“How do you like working from home?”
Nowadays the question comes up in every conversation. Besides the people with vital occupations and people who (can) choose to go to the office for a day, the vast majority of the Dutch workforce works from home. A lot is written and discussed about its advantages and disadvantages. It turns out to be personal preference for everyone: one is looking for the right work / life balance, the other uses the decreased travel time to exercise. But what almost everyone agrees on: we miss the spontaneous conversations at the coffee machine. Where does that need come from?
The coffee machine symbolizes casual encounters. It is the place where you meet that one colleague that you have not seen for weeks and where, while the coffee is running, you find out that you are dealing with the same topic within the organization. It is the place where you complain about the workload together and then come up with a brilliant idea to reduce that workload. And it is the place where you can catch your breath between all that organizing and planning.
So these casual encounters really have a function and are part of the way we work. Research by the World Economic Forum shows that successful companies are increasingly open to and have an eye for casual encounters in the workplace. These companies are an example of how they value and use casual encounters. In the study, they indicate that there are tangible ways to organize those encounters. Examples are given such as randomly matching employees for lunch and reducing irrelevant information and unnecessary meetings.
While it may seem that these companies misuse casual encounters, they also see the added value of their social aspect. These are the moments that people appreciate in their job satisfaction scoring.
“Serendipity tends to happen when we open our eyes to the unexpected.” – WEF study
However, those coffee machines have been standing still for weeks. There are also no spontaneous lunches and networking drinks. And we can safely say that this is experienced as a collective disadvantage. There is a need for that social cohesion, spontaneous contact with colleagues and joint (physical) space to brainstorm about a new proposition. This need in combination with what has happened to our agendas can be called paradoxical. Because now that the agendas are a lot emptier due to the disappearance of a lot of business and private activities, space is created for casual encounters. But above all, it cannot be used for business purposes because we cannot stand at the coffee machine together.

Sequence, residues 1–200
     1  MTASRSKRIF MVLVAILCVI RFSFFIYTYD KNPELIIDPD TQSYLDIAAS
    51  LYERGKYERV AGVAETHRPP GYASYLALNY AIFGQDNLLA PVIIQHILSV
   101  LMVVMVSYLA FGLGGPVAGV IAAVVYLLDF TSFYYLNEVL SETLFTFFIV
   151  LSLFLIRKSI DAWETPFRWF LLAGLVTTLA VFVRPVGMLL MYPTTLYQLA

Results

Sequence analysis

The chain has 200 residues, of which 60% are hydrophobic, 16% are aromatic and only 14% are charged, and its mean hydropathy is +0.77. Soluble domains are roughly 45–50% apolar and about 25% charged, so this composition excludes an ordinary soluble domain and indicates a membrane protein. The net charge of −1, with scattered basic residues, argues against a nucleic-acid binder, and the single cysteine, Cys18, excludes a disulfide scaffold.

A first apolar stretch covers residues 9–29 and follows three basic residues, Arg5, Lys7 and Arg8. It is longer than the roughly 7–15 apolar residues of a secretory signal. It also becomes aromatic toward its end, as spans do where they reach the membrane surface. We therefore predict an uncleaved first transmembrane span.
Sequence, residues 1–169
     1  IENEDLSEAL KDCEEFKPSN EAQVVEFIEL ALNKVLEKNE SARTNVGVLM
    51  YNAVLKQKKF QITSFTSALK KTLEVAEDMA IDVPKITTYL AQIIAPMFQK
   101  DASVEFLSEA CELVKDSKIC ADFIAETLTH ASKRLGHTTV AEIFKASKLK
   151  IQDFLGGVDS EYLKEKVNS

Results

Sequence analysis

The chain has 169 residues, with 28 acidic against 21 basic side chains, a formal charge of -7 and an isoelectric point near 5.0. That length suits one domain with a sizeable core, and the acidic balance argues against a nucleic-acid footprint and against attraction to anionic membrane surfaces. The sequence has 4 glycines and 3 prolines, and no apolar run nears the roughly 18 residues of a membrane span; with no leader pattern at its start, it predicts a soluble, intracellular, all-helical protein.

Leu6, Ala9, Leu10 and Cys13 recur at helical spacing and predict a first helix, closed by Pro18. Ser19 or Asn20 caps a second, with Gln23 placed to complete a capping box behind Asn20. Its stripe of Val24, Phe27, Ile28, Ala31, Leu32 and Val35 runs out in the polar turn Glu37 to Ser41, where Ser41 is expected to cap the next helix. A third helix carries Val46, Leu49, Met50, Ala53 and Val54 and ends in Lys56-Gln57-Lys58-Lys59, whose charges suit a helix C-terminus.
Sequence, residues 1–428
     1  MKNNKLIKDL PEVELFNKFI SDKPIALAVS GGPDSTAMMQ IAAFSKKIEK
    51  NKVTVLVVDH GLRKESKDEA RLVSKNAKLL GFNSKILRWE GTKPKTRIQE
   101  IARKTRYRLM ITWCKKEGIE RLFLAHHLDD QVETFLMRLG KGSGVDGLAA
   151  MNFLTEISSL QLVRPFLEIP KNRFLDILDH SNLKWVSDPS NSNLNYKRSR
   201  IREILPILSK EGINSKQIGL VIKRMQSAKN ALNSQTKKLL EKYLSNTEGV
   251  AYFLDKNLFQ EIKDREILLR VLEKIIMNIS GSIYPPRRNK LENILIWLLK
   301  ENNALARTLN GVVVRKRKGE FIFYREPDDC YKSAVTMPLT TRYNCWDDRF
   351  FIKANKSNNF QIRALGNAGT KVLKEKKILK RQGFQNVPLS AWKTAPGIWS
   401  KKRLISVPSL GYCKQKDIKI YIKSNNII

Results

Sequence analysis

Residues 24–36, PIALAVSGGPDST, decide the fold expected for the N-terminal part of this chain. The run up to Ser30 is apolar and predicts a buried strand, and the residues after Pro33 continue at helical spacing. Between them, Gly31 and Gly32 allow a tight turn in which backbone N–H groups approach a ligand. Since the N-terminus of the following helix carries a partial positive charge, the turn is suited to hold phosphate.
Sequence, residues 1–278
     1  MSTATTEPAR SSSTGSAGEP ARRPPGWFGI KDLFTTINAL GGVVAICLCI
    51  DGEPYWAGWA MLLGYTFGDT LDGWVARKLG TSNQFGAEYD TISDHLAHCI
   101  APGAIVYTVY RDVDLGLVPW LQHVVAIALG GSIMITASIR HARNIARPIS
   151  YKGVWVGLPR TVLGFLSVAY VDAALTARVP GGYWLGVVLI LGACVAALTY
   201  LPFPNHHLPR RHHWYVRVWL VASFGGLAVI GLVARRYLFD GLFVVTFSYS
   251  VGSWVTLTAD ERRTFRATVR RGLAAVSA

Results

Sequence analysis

A number of companies have come up with creative (and digital) solutions for this, which are quite easy to implement. Remote is the standard at Groove,, a software company in customer communication. In their blog in which they write how they work remotely, they highlight the importance of the water cooler in an office:
“In a traditional office, the water cooler is the place where people talk about their personal lives. Where they “shoot the shit” and build relationships with the rest of the team. Water coolers matter. A lot. And if you want your remote team to have any semblance of camaraderie, you’d better provide a water cooler for them, too.” – Groove Blog
And so they created a channel within Slack called “water cooler” to start all those conversations that you normally have at the coffee machine, or in this case the water cooler.
Another example is from Basecamp, a software company that specializes in project management and team communication (where else would examples like these possibly come from). Once in a while Basecamp sends a random question around the team. Like, “What books are you reading?” or “When was the last time you did something for the first time?” or “What did you do last weekend?”. On their blog they write:
“These entirely optional questions are meant to shake loose some stuff that you’d love to share with everyone else, but you didn’t have an opportunity to do so. This kind of internal communication helps grease the social gears. This is especially useful for remote teams, like ours. When we know each other a little better, we work a little better together.” – Blog Basecamp
Now that we are experimenting with asynchronous working within Strategiemakers, we have also started an initiative to maintain the coffee machine while we are not working from the Strategiefabriek. For example, within Slack, the communication channel that we use internally, we have added the “Donut” app. Every week we are randomly and automatically linked by this app to a colleague with whom we “eat a donut”, or in most cases drink a coffee remotely. In practice, you see that a lot of colleagues decide to go for a walk while calling, or at a distance of 1.5 meters or both in another place but calling synchronously. 😉
Whether it completely replaces the symbolic coffee machine is difficult to indicate. It is clear that it is a subject that concerns more companies. Let’s exchange these examples and learn from the insights we gain in them. And above all, don’t try too hard to organize casual encounters, because then you will neglect the whole principle about it.